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Decision and Loop Statements in Microsoft Visual C++

Making decisions by using the switch Statement

Now that you have seen how the if statement works, let’s take a look at the switch statement. Using the switch statement, you can test a single variable and execute one of several branches depending on the variable’s value.

Defining simple switch statements

The example that follows shows the syntax for the switch statement. The switch statement tests the numberOfSides in a shape and displays a message to describe that shape.

int numberOfSides;   // Number of sides in a shape
...
switch (numberOfSides)
{
    case 3:  Console::Write("Triangle");      break;
    case 4:  Console::Write("Quadrilateral"); break;
    case 5:  Console::Write("Pentagon");      break;
    case 6:  Console::Write("Hexagon");       break;
    case 7:  Console::Write("Septagon");      break;
    case 8:  Console::Write("Octagon");       break;
    case 9:  Console::Write("Nonagon");       break;
    case 10: Console::Write("Decagon");       break;
    default: Console::Write("Polygon");       break;
}

The switch keyword is followed by an expression in parentheses. This expression must evaluate to an integer, a character, or an enumeration value. The body of the switch consists of a series of case branches, each of which comprises the keyword case, a value, and a colon.

The value identifying a case branch must be a constant of integer type. This means that integer numbers, enumeration values, and characters are allowed. For example, 5 and a are valid, but abc is not because it is a string literal.

Each case branch can contain any number of statements. At the end of each branch, use a break statement to exit the switch statement.

You can define an optional default branch in the switch statement. The default branch will be executed if the expression doesn’t match any of the case labels.

In this exercise, you will enhance your Calendar Assistant application to display the month as a string such as January or February.

  1. Continue working with the project from the previous exercise.

  2. Modify the DisplayDate function. Rather than display the month as an integer, replace the Console::Write(month) statement with a switch statement that displays the month as a string.

    switch (month)
    {
        case 1:  Console::Write("January");   break;
        case 2:  Console::Write("February");  break;
        case 3:  Console::Write("March");     break;
        case 4:  Console::Write("April");     break;
        case 5:  Console::Write("May");       break;
        case 6:  Console::Write("June");      break;
        case 7:  Console::Write("July");      break;
        case 8:  Console::Write("August");    break;
        case 9:  Console::Write("September"); break;
        case 10: Console::Write("October");   break;
        case 11: Console::Write("November");  break;
        case 12: Console::Write("December");  break;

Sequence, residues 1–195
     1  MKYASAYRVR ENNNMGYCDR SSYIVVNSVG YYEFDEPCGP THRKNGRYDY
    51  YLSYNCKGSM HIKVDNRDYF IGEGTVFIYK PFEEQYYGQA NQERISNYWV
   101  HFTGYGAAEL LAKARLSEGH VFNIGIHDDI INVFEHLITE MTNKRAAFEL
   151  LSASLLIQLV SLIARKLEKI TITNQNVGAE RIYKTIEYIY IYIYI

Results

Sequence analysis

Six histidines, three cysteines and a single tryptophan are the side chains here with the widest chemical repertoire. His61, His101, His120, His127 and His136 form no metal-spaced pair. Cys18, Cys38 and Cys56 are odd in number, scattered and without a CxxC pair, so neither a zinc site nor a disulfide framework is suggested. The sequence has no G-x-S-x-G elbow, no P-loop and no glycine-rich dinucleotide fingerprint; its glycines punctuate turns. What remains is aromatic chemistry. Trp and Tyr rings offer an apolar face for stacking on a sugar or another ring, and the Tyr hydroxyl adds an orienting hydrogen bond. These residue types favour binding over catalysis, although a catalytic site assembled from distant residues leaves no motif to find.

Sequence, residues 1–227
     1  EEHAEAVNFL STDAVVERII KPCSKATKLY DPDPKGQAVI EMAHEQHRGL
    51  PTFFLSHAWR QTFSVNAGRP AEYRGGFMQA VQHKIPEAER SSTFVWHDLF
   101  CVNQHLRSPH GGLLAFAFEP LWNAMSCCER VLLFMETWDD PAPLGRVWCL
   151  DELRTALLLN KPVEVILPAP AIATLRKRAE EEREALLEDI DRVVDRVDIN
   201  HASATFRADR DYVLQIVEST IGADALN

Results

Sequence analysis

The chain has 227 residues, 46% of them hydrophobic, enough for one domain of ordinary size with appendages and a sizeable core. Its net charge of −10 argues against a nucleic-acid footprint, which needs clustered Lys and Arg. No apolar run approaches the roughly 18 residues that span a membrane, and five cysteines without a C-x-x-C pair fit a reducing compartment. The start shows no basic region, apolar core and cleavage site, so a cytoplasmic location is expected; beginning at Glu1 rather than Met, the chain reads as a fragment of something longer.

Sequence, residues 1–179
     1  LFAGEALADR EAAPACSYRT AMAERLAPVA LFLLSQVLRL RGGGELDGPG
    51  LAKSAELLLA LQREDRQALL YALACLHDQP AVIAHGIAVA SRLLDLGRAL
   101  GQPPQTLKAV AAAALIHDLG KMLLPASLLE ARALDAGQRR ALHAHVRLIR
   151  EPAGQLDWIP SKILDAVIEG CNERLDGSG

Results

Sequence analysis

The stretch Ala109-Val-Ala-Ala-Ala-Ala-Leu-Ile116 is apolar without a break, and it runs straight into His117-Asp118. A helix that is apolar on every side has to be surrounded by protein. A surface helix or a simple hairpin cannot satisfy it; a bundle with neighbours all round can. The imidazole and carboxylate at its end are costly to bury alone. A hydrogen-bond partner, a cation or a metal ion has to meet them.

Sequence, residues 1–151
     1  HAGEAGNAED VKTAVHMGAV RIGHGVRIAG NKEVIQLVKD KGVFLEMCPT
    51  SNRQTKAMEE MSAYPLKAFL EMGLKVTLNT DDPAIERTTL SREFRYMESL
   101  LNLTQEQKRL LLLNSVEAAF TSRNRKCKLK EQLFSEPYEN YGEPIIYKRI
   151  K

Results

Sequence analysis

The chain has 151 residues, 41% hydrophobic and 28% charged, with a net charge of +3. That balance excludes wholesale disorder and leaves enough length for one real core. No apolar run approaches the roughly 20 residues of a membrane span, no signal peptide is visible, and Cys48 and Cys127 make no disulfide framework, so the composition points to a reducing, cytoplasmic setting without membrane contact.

default: Console::Write("Unknown");   break;
    }
  3. Build the application.

  4. Run the application several times, typing a different month each time. Verify that the application displays the correct month name each time.

Using fall-through in a switch statement

If you omit the break statement at the end of a case branch, flow of control continues on to the next statement. This process is called fall-through. This can be useful to avoid duplication of code, but be careful not to do it accidentally.

The following example illustrates why fall-through might be useful. This example tests a lowercase letter to see if it is a vowel or a consonant:

char lowercaseLetter;   // Single lowercase letter, for example 'a'
...
switch (lowercaseLetter)
{
    case 'a':
    case 'e':
    case 'i':
    case 'o':
    case 'u':  Console::Write("Vowel"); break;

    default:   Console::Write("Consonant"); break;
}

There is no break statement in the first four case labels. As a result, the flow of control passes on to the next executable statement to display the message Vowel. The default branch deals with all the other letters and displays the message Consonant.

In this exercise, you will enhance your Calendar Assistant application to display the season for the user’s date.

  1. Continue working with the project from the previous exercise.

  2. Modify the DisplayDate function. After displaying the year, month, and day, add the following code after the line Console::Write(day) to display the season:

    switch (month)
    {
        case 12:
        case 1:
        case 2:  Console::WriteLine(" [Winter]"); break;
    
        case 3:
        case 4:
        case 5:  Console::WriteLine(" [Spring]"); break;
    
        case 6:
        case 7:
        case 8:  Console::WriteLine(" [Summer]"); break;
    
        case 9:
        case 10:
        case 11: Console::WriteLine(" [Fall]"); break;
    }
  3. Build the application.

  4. Run the application several times, typing a different month each time. Verify that the application displays the correct season name each time.